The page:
China has reportedly removed Apple and a number of other U.S. tech firms from their approved state purchase lists, replacing them with local vendors.
Reuters reports that China’s Central Government Procurement Center’s (CGPC) struck products and services made by foreign companies from its approved state purchase lists, while at the same time approving thousands of products made domestically. The change is thought to be motivated by concerns over Western cybersurveillance operations.
The CGPC list, which dictates which companies central state ministries can purchase from, list a total of nearly 5,000 companies. The two year span of 2012 to 2014 saw the list increase by more than 2,000 mostly local vendors.
Apple, Cisco, Intel, McAfee and Citrix Systems were all blacklisted during that three year period. Cisco was hit the hardest, seeing its number of approved products drop from 60 in 2012 down to zero by late 2014.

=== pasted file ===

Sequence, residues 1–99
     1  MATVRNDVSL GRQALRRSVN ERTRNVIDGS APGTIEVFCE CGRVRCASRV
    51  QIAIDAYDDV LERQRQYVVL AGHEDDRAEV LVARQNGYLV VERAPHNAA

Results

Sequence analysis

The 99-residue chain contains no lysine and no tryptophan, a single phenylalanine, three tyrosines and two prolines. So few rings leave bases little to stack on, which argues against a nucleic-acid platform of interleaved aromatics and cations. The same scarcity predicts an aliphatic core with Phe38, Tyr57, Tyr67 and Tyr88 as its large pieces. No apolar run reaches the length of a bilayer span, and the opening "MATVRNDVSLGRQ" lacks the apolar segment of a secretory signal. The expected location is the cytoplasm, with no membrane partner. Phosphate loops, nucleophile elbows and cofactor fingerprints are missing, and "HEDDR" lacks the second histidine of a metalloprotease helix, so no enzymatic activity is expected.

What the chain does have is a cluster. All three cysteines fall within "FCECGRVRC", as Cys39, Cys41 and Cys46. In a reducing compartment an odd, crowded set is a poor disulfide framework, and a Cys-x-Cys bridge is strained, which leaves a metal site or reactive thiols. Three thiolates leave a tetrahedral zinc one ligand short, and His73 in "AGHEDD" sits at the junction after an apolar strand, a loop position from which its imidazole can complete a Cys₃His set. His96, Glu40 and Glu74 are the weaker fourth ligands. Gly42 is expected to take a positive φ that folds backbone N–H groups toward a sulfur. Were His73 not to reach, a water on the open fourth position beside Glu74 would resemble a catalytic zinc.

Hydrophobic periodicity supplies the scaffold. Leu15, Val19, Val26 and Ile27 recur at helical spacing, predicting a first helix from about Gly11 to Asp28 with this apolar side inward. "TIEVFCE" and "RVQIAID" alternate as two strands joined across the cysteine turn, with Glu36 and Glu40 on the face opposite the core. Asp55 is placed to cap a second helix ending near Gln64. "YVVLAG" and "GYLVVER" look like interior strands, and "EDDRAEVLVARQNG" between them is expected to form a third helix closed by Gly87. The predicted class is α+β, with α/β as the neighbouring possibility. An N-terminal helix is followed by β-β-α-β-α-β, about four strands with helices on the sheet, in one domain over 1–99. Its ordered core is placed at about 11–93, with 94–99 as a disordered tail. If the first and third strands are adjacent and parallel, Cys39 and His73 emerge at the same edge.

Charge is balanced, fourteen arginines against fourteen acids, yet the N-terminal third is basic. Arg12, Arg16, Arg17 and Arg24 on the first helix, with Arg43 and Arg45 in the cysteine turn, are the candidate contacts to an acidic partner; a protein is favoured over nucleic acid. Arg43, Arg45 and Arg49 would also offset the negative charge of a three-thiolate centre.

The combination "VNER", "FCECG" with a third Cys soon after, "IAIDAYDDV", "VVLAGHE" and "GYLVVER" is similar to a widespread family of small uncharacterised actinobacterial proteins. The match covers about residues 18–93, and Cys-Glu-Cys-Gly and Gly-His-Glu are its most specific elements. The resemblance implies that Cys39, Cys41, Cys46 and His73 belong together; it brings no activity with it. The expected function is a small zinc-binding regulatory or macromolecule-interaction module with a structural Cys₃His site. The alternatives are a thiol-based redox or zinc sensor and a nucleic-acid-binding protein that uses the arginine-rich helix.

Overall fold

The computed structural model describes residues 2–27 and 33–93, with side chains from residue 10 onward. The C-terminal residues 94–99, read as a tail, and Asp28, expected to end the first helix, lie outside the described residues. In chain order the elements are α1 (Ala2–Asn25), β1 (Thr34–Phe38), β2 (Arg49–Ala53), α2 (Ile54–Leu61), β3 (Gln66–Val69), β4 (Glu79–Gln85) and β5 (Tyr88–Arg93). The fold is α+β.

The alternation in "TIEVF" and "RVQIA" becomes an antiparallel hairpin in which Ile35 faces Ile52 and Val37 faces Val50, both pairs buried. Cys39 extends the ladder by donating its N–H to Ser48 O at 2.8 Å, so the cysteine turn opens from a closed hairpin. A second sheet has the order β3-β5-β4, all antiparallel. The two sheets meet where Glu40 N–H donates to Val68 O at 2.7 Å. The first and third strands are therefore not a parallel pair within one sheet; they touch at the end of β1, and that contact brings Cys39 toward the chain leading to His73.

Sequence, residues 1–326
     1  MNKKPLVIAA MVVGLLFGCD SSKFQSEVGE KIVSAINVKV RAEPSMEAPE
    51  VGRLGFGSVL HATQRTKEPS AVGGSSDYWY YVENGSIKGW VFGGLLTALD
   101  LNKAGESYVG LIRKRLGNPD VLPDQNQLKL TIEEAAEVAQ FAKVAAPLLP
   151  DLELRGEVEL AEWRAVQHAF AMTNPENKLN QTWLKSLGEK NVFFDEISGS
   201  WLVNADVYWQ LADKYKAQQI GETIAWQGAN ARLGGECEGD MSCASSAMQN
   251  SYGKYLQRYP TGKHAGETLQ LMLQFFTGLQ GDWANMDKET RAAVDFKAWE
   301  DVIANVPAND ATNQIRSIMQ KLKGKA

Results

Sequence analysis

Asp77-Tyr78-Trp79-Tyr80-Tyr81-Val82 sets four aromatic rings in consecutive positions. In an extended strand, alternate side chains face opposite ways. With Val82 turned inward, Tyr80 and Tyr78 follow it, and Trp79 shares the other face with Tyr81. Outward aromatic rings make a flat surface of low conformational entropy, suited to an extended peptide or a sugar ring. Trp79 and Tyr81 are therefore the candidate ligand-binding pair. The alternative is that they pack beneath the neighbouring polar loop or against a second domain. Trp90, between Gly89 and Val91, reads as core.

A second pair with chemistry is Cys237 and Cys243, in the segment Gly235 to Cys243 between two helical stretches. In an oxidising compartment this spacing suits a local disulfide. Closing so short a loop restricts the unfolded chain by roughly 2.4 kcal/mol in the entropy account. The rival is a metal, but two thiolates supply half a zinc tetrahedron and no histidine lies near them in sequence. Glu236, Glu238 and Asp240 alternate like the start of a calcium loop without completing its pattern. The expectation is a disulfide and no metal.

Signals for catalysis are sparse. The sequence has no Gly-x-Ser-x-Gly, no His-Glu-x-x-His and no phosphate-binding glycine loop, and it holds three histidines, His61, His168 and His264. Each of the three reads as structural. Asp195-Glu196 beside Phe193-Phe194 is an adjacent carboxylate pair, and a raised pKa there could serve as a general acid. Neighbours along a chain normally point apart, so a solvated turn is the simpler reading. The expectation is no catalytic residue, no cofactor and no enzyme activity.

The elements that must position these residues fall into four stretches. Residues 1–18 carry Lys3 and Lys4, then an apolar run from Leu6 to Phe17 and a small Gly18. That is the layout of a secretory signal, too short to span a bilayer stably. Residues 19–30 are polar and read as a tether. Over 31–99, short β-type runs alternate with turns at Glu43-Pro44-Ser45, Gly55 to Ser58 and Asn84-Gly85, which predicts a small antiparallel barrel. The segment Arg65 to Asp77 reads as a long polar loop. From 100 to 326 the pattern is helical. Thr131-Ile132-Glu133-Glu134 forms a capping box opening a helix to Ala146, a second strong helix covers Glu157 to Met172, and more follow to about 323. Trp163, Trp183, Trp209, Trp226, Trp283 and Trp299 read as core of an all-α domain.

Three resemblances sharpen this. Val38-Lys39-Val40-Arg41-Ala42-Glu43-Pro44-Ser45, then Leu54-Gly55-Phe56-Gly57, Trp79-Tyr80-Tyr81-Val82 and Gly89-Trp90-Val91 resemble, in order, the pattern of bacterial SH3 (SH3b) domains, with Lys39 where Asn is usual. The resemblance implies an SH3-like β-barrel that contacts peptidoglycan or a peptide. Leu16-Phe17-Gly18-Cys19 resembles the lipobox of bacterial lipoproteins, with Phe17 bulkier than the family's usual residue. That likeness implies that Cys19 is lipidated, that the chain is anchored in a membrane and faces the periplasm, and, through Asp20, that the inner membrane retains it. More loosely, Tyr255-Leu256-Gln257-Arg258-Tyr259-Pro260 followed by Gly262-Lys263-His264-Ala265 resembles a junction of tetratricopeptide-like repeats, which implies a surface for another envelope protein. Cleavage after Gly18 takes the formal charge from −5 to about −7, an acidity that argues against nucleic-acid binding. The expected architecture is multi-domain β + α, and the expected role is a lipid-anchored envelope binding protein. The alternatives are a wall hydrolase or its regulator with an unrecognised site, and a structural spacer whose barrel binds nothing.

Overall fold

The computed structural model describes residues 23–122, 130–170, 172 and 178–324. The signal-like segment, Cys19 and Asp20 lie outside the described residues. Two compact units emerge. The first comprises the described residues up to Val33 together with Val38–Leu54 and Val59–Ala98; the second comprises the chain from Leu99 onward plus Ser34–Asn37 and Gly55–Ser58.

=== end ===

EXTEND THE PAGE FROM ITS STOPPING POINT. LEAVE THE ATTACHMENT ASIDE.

Reuters sources report that any number of reasons could have come into play for the changes in the list, including fears that the U.S. National Security Administration has been using backdoors in foreign products to spy on users.
The sources also indicate the changes could simply be a move to ensure local companies pick up a bigger slice of the government tech market.
Apple agreed in January to submit its consumer products for security audits by China’s State Internet Information Office, in a move seen as an attempt to assure Chinese officials that reports of software backdoors were false.